Pennsylvania House passes election reform bill despite veto threat

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Republicans in Pennsylvania's state House passed a bill aimed at shoring up election integrity despite a looming veto threat from Democratic Gov. Tom Wolf.

House Bill 1300, approved along party lines by a margin of 112-89 on Tuesday, provides for "voting system defects, disclosure, investigations and penalties" and establishes the "Bureau of Election Audits," among other provisions Democrats, including Wolf, found objectionable as the state moves toward conducting an Arizona-style audit of its 2020 presidential election results.

"I want election reform, too. But House Bill 1300 isn't it," Wolf tweeted on Wednesday. "The lawmakers behind this bill are the same ones who asked Congress to throw out PA votes and whose lies directly contributed to the Jan. 6 insurrection. I will veto this bill if it reaches my desk in its current form."

PENNSYLVANIA POISED TO BEGIN ARIZONA-STYLE ELECTION AUDIT WITH SUBPOENA POWER

Democrats in the state Legislature agreed, arguing it was Republicans who tried to cheat the system.

"The 2020 election was safe and secure. Every voter who tried to vote for their dead mother was caught – and those were Republican voters," House Democratic Policy Chairman Ryan Bizzarro said in a press release. "The current system is safe, secure and it works. We should be listening to the Republican and Democratic election officials statewide that asked for legislative fixes to address allowing them to securely process votes in an efficient manner with things like pre-canvassing and extended time for processing."

State Rep. Joe Ciresi, also a Democrat, alleged the legislation's goal is to "remove voters from the registers, plain and simple."

"From allowing blanket challenges to the validity of a person’s registration, to eliminating the permanent mail in ballot list, to signature verification with untested software, House Bill 1300 suppresses the vote," he added.

Republicans applauded the measure as a step toward election integrity.

"The Pennsylvania Voting Rights Protection Act is a tremendous step forward in restoring faith in our election system and supporting local election officials. I was proud to stand up and speak in favor of this bill tonight," Rep. Kerry Benninghoff tweeted.

Rep. Seth Grove, the legislation's sponsor, said he "look[s] forward to this bill quickly being taken up in the Senate so voters will have more accessibility when casting ballots in even more secure elections."

"No matter how voters cast ballots, they must have trust in the election process, know their votes were counted and that there was no interference," he added.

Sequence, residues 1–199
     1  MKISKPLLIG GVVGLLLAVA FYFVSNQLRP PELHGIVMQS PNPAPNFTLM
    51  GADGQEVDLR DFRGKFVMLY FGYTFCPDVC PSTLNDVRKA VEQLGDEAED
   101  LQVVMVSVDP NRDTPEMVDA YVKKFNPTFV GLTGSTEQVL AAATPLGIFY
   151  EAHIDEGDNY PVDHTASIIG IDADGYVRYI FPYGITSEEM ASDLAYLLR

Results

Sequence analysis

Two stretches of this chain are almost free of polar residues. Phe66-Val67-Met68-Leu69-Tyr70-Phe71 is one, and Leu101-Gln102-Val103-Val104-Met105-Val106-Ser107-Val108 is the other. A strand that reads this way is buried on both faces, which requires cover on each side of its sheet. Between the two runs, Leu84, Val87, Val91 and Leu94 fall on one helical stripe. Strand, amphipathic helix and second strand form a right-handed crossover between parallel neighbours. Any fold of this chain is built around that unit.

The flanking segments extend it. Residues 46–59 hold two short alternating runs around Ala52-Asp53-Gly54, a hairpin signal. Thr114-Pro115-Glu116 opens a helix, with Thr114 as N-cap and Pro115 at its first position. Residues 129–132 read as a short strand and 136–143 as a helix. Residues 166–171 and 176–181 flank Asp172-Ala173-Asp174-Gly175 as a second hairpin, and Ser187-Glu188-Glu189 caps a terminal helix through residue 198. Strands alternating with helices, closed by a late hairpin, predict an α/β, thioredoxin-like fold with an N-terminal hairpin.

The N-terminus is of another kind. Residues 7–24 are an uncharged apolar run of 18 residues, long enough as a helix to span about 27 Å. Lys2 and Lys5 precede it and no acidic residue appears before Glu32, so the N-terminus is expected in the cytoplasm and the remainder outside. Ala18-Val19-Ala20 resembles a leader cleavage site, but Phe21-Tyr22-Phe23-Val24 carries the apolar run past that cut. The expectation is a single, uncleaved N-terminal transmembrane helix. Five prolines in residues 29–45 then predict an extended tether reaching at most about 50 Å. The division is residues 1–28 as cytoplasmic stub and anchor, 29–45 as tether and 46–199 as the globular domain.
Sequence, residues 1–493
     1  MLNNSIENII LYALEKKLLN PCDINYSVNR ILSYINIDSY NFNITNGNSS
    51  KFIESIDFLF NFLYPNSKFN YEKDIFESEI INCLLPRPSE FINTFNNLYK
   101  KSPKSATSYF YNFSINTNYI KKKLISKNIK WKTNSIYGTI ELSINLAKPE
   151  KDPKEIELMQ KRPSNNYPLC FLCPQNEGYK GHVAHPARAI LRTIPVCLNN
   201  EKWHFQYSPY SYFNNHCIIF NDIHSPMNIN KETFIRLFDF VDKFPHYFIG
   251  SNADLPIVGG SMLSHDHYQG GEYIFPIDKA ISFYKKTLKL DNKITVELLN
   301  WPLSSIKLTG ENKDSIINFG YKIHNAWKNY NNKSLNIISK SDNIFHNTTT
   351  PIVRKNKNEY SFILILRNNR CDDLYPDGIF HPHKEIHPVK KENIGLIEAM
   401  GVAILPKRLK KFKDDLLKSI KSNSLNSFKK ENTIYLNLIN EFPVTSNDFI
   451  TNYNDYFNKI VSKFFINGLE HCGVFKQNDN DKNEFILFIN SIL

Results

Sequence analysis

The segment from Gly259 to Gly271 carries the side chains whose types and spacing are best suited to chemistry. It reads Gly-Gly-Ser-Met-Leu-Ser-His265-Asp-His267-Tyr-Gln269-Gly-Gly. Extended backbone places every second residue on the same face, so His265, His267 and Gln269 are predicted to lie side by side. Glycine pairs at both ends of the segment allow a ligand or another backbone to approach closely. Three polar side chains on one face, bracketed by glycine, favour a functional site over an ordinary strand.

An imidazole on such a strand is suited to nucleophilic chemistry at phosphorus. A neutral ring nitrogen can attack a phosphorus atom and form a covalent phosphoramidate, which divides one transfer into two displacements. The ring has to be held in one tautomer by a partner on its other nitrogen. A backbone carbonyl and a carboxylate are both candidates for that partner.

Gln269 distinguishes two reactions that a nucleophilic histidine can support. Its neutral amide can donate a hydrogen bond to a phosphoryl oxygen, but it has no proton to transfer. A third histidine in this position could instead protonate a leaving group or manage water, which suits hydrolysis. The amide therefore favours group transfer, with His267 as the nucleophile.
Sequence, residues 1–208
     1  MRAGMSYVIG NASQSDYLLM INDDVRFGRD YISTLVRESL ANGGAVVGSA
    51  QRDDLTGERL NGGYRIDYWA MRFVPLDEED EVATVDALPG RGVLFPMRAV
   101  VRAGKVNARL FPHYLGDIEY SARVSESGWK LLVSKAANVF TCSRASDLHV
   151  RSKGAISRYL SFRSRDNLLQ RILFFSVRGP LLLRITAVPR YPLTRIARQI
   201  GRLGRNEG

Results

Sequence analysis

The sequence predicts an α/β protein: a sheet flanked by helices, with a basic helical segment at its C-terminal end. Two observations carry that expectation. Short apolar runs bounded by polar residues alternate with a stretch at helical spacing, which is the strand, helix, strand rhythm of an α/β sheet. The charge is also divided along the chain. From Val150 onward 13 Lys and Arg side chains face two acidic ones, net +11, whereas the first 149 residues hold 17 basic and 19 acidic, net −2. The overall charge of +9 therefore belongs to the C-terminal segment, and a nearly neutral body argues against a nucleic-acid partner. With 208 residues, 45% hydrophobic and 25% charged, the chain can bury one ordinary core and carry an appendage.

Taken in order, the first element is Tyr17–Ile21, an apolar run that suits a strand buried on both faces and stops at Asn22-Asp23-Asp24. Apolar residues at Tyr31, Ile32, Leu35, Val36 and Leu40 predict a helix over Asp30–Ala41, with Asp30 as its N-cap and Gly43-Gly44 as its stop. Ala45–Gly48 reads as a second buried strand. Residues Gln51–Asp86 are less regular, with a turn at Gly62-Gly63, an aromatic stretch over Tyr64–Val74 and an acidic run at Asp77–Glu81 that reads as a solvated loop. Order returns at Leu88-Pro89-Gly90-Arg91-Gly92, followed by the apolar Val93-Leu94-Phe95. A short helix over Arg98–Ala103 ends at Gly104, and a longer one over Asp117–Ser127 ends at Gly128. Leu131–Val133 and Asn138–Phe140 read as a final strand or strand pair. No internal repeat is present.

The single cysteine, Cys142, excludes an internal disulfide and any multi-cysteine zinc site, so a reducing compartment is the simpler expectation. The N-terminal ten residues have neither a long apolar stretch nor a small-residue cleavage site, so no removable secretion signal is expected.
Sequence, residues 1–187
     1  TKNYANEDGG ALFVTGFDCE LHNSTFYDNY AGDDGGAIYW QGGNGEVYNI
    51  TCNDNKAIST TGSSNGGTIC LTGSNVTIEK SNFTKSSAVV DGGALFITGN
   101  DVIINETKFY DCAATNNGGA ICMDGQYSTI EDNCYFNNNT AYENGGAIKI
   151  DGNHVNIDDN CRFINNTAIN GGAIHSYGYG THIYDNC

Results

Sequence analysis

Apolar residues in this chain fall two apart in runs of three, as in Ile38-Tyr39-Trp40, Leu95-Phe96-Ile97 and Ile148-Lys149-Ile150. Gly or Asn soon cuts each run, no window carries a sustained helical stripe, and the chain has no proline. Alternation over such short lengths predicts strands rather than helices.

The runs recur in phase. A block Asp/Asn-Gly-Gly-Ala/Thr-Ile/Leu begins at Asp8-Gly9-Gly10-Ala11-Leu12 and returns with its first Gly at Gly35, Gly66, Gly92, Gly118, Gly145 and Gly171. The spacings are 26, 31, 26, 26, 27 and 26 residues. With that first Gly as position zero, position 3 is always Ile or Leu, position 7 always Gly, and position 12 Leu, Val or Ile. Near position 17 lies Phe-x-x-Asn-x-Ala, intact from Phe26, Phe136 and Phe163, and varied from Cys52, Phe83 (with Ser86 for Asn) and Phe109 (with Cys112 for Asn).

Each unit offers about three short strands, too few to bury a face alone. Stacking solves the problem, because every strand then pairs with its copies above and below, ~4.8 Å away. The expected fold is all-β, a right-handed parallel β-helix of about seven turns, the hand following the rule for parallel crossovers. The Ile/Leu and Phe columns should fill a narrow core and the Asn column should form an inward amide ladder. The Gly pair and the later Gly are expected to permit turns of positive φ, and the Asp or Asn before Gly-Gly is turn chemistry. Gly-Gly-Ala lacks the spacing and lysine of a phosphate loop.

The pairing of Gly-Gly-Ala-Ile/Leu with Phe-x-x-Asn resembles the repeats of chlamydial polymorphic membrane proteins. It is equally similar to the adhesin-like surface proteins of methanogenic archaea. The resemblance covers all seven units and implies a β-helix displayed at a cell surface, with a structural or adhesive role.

Republicans in the state Legislature have recently signaled openness to conducting a forensic audit of the state's 2020 presidential election results in the same mold as the audit in Arizona. Last week, state Sen. David Argall, who heads a committee that oversees elections, told local news outlets that he favored such an audit, despite officials insisting the election was secure.

"There are a lot of things under consideration right now, and I told them to check back in a week or two, and we hope to have some more detail," he said after meeting with audit-supporting activists on Thursday.

Like Arizona Senate President Karen Fann, who argued the state's audit of Maricopa County is not designed to overturn the 2020 results but rather to shore up election integrity, Argall said a Pennsylvania audit would not be aimed at changing November's results.

"The Electoral College has spoken. You know the president has been sworn in. I understand that's a reality," he said.

Republican lawmakers from Pennsylvania, as well as other swing states such as Georgia and Wisconsin, have traveled to Arizona to tour the audit at the Veterans Memorial Coliseum in Phoenix and learn more about the process.

Following the visit, Georgia initiated an investigation into allegations surrounding the 2020 presidential election, with Secretary of State Brad Raffensperger confirming to the Washington Examiner that his office will be looking into Fulton County's monitoring of absentee ballots returned in drop boxes in the election following "new revelations" that officials said they were missing ballot transfer documents.

Earlier this month, former President Donald Trump, who narrowly lost the state of Pennsylvania to President Joe Biden, warned Argall by name to conduct an audit mirroring Arizona's after the legislators' visit.

"Great patriots led by State Senator Doug Mastriano, Senator Cris Dush, and State Representative Rob Kauffman went to Maricopa County, Arizona, to learn the best practices for conducting a full Forensic Audit of the 2020 General Election. Now the Pennsylvania Senate needs to act," Trump said in a tweemail. "Senate President Jake Corman needs to fulfill his promise to his constituents to conduct a full Forensic Audit. Senator Dave Argall, Chairman of the State Government Committee, has to authorize the subpoenas, if necessary. The people of Pennsylvania and America deserve to know the truth. If the Pennsylvania Senate leadership doesn’t act, there is no way they will ever get re-elected!"

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Argall won reelection to a four-year term in the Senate in 2020.

The Maricopa County audit's results are expected to be released in a comprehensive report sometime later this summer, according to Senate audit liaison and former Arizona Secretary of State Ken Bennett.

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Tags: News, Pennsylvania, Pennsylvania House, Tom Wolf, 2020 Elections, Election Fraud, Voting, Voter Fraud

Original Author: Carly Roman

Original Location: Pennsylvania House passes election reform bill despite veto threat

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